In the King James Version of the Bible, I Corinthians 11:24 says (emphasis mine): And when he had given thanks, he brake it, and said, Take, eat: this is my body, which is broken for you: this do ...
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4answers
209 views

What is the English equivalent for the Portuguese expression “ao sabor”?

In Portuguese there's "ao sabor (do/da)", a term/expression that literally translates to "to the taste (of)", example: viajar ao sabor do vento (literally "travelling to the taste of the wind"). In ...
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4answers
436 views

Word / Phrase request for someone who loves to propagate education among others

I am looking for a English word or phrase which suits someone who love to propagate education among people by establishing educational institutions or writing books and so on. In order to translate a ...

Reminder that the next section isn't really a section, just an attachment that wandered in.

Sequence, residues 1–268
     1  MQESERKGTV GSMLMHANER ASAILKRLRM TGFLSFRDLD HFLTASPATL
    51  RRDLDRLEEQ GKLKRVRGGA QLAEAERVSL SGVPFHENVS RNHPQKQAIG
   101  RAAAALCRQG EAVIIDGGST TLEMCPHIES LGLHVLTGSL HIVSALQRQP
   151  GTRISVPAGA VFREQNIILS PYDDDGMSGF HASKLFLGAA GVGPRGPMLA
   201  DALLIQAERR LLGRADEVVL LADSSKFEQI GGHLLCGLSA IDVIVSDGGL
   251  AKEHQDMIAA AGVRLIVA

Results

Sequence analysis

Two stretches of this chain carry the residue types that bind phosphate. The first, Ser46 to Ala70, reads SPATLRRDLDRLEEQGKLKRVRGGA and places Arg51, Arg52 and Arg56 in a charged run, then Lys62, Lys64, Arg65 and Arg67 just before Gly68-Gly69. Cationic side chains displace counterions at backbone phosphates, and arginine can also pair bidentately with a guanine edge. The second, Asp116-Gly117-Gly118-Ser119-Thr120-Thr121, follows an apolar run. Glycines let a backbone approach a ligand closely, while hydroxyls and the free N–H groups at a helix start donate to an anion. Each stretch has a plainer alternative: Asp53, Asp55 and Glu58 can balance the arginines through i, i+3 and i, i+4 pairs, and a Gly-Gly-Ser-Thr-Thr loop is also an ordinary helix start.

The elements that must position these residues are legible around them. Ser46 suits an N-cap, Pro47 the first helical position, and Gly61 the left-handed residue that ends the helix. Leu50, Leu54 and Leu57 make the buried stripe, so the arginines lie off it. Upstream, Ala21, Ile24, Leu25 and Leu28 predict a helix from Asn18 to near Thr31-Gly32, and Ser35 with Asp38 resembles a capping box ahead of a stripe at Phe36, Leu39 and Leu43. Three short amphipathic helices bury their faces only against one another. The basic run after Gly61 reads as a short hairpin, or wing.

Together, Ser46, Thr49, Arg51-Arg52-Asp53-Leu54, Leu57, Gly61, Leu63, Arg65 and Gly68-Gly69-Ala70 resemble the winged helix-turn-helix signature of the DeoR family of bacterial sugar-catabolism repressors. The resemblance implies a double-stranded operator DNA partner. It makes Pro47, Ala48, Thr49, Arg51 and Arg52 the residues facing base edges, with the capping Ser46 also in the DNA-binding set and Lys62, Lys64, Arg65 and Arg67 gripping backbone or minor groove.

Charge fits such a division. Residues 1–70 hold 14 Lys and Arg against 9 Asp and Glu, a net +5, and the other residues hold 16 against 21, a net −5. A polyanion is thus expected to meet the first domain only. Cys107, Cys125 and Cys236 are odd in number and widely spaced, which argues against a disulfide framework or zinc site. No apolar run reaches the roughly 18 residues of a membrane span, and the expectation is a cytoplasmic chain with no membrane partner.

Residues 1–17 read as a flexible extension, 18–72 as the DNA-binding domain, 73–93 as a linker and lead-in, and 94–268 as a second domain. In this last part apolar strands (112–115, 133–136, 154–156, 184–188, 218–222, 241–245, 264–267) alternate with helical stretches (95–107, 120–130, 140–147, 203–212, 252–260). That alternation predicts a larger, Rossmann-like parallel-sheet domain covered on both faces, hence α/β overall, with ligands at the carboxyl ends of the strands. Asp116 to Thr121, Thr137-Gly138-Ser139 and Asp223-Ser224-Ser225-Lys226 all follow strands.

5
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1answer
115 views

English-language equivalent for не от хорошей жизни

I am looking for any equivalents/approximations to this Russian expression: не от хорошей жизни ("not from a good life"). This is an expression mostly used as a vague and/or cynical/humorous way to ...
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2answers
106 views

What's the day in/out term for “i receive the payment” [closed]

I'm looking for a good translation for what we, brazilians, call "dar baixa na conta 1234". Basically, it means that "i received the payment for the bill 1234"... I was thinking on "Inform Payment" ...
2
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1answer
443 views

Equivalent of the Spanish phrase “morir de éxito”

In Spanish we have the phrase 'Morir de éxito'. Literally, it translates into 'Die from success' and we use it to refer to some cases in life where a success in something becomes too much of a hassle ...
2
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1answer
147 views

How to translate the german word “Motiv” (= Beweggrund)